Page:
Date of Award


Degree Name

Doctor of Philosophy



First Advisor

Dr. John Benson

Second Advisor

Dr. Irma M. Lopez

Third Advisor

Dr. Patricia M. Montilla

Fourth Advisor

Dr. Sybil Rhodes


The representation of North Americans in contemporary Mexican narrative texts is frequent, complex and worthy of study. The present dissertation makes no pretense of being a comprehensive catalogue of “gringos” in Mexican narrative; it can be better seen as a cross-section of Mexican literature concerning people from the United States published during the final two decades of the twentieth century. My intention is to explore how this Mexican narrative has characterized non-Mexican Americans and contextualize these visions in terms of their cultural and historical origins. In this study I analyze six texts authored by both men and women, border authors as well as writers from Central Mexico. North Americans are not necessarily the central theme of these novels, but do have a pronounced presence in them, constituting a part of daily life and a part of the Mexican psyche.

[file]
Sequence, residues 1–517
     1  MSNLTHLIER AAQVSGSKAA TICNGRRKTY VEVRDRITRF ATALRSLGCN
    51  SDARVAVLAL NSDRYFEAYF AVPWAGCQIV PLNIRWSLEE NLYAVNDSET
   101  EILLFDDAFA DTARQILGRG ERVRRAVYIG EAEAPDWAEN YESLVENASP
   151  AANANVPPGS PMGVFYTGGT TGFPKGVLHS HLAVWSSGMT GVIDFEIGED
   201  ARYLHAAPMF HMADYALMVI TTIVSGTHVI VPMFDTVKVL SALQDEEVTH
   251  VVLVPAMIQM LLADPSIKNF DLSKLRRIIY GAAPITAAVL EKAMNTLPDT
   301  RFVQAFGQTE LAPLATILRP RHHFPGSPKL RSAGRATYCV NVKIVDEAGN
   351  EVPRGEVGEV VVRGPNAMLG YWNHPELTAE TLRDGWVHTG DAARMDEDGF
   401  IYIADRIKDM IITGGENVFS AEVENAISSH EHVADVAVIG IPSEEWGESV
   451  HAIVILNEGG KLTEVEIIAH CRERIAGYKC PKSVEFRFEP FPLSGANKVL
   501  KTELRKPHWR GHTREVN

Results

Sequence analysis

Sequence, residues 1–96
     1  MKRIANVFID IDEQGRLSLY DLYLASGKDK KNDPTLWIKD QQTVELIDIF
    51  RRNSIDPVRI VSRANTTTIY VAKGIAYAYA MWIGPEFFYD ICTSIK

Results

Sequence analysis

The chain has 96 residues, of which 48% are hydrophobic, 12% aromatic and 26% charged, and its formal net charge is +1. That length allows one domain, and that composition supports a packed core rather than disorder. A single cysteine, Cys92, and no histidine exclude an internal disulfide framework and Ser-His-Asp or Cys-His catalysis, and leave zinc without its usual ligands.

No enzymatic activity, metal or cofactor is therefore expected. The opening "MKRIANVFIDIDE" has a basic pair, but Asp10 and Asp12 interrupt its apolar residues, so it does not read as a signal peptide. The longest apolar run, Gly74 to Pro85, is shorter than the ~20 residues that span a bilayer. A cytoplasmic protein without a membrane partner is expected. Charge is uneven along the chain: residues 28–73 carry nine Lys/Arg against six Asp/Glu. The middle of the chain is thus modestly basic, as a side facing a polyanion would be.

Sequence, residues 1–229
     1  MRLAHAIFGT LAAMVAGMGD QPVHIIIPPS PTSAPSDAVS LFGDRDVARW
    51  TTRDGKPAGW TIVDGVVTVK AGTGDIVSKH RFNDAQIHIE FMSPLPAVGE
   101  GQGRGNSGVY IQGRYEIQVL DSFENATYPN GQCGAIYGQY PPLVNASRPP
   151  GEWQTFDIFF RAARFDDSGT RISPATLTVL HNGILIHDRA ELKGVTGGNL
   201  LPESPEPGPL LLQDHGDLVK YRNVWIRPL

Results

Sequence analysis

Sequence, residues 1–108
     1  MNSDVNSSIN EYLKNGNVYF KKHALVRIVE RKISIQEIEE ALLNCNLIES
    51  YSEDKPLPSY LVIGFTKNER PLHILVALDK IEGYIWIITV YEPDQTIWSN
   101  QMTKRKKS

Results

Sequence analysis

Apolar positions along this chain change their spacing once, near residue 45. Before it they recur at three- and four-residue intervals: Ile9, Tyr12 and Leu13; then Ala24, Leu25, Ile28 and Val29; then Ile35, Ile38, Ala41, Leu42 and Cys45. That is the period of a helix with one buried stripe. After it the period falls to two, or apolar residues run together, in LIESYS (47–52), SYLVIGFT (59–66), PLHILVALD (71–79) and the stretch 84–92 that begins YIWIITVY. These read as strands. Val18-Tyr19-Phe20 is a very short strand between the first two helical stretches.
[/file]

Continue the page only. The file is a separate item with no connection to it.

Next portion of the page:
This study is supported by literary, historical and cultural studies by such authors as Edward Said, Homi K. Bhabha, Deborah Castillo, Michael C. Meyer and Stephen Morris. In the treatment I have given to each of these six novels, I have focused on content, structure, style and tone in accordance with the importance of these elements in the work. Thus, while in one case the analysis of narrative technique may provide the key to understanding the text, a different emphasis may be more relevant and beneficial for a different novel. I believe that this holistic approach, with appropriate specialization as indicated by the particular narrative, facilitates the most accurate and faithful interpretation of the material, both in terms of completeness and detail. While no one image of the neighbors to the north prevails in these narrative texts, these six Mexican authors suggest that projecting an identity onto North Americans contributes to a Mexican national identity that is informed by such stereotypes, yet defined in opposition to them.

Access Setting

Dissertation-Open Access